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GOP chairman yanks Saudi bill after Democrats muscle through tougher language

GOP chairman yanks Saudi bill after Democrats muscle through tougher language
© Aaron Schwartz
Senate Foreign Relations Committee Chairman Jim RischJim Elroy RischWill Biden choose a values-based or transactional foreign policy? GOP senator congratulates Biden, says Trump should accept results Barrasso to seek top spot on Energy and Natural Resources Committee MORE (R-Idaho) pulled his Saudi Arabia bill off the panel's agenda Thursday after Democrats muscled through changes that included a tougher crackdown on Riyadh.
 
Risch made the announcement after Democrats, who were joined by Sens. Rand PaulRandal (Rand) Howard PaulOvernight Defense: Lawmakers release compromise defense bill in defiance of Trump veto threat | Senate voting next week on blocking UAE arms sale | Report faults lack of training, 'chronic fatigue' in military plane crashes Senate to vote next week on blocking Trump's UAE arms sale McConnell in tough position as House eyes earmark return MORE (R-Ky.) and Lindsey GrahamLindsey Olin GrahamBiden: Trump attending inauguration is 'of consequence' to the country The Memo: Harris moves signal broad role as VP Former US attorney asks for probe of allegations Graham pressured Georgia official MORE (R-S.C.), succeeded in adding provisions to Risch's measure that would temporarily suspend arms sales to Saudi Arabia and slap sanctions on the royal family.
 
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"It's no longer my bill. I will be withdrawing my bill," Risch said during the Foreign Relations Committee business meeting, stressing that his decision wasn't "sour grapes." 
 
"This was a fair fight. Everybody had their say. Everybody knew what they were doing here," Risch told reporters after the meeting.
 
Risch's Saudi Arabia policy bill would force a “comprehensive review” of the U.S.-Saudi relationship, in addition to denying or revoking visas to members of the Saudi royal family who serve in the Saudi government in positions equivalent to a deputy secretary or agency chief.
 
But Democrats argued the measure lacked mechanisms that would force the administration to crack down on Saudi Arabia over the years-long Yemen civil war and the death of Washington Post contributor Jamal Khashoggi.
 
 
"This is one where we got to do what we got to do," Kaine said during Thursday's meeting.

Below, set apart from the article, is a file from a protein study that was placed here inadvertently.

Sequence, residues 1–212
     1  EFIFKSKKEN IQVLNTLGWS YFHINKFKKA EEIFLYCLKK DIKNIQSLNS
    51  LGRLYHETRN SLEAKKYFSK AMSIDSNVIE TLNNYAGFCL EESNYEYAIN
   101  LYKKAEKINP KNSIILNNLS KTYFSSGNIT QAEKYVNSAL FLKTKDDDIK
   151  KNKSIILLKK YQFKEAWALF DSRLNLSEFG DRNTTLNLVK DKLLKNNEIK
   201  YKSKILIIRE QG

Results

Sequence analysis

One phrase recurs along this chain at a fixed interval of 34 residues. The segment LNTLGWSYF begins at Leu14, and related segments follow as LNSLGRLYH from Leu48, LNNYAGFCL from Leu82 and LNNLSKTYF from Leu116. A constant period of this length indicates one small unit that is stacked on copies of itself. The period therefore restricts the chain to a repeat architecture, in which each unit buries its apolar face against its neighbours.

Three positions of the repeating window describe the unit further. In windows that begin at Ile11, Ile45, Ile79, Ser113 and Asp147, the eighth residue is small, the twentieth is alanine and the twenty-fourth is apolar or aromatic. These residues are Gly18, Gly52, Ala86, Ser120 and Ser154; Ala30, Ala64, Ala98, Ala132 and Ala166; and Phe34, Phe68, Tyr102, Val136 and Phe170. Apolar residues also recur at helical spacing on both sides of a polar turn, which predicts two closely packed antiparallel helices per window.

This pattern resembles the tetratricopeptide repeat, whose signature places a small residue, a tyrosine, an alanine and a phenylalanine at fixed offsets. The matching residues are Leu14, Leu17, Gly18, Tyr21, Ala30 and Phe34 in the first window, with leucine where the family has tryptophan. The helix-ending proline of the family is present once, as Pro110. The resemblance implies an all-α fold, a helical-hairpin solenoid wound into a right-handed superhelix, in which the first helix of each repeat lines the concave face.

"The president seems incapable of condemning the crown prince's actions," he said. "When the president won't act, we must."
 
Menendez has put forth competing legislation.
 
His bill would require sanctions within 30 days on anyone involved in Khashoggi's death, including “any official of the government of Saudi Arabia or member of the royal family” determined to be involved. The measure also would suspend arms sales to Saudi Arabia.
 
The decision by Risch to withdraw his own legislation, effectively ending any chance that the Senate will vote on Saudi-related bills, caps days of tensions among members of the Foreign Relations Committee about how far to push the administration to crack down on Saudi Arabia.
 
Democrats had been expected to try to force the Menendez bill, which he co-wrote with Sen. Todd YoungTodd Christopher YoungShelton's Fed nomination on knife's edge amid coronavirus-fueled absences Grassley quarantining after exposure to coronavirus Rick Scott to quarantine after contact with person who tested positive for COVID-19 MORE (R-Ind.), onto Risch's legislation, but it was unclear how the GOP chairman would respond.
 
Risch, after the meeting, signaled that the Senate's work on Saudi legislation was effectively over.
 
"It can't become law, we're all spinning our wheels here," he said. "This is over. … It is what it is."
 
The Senate Foreign Relations Committee voted to pass Menendez's bill as a stand-alone measure, but Risch vowed after the meeting that it wouldn't get a floor vote.
 
"The objective was to give the committee the alternative of either doing something where they could participate in the formulation of foreign policy or set that aside and just do messaging," Risch said. "They chose to do the messaging … but that cedes the formation of policy totally to the second branch of government."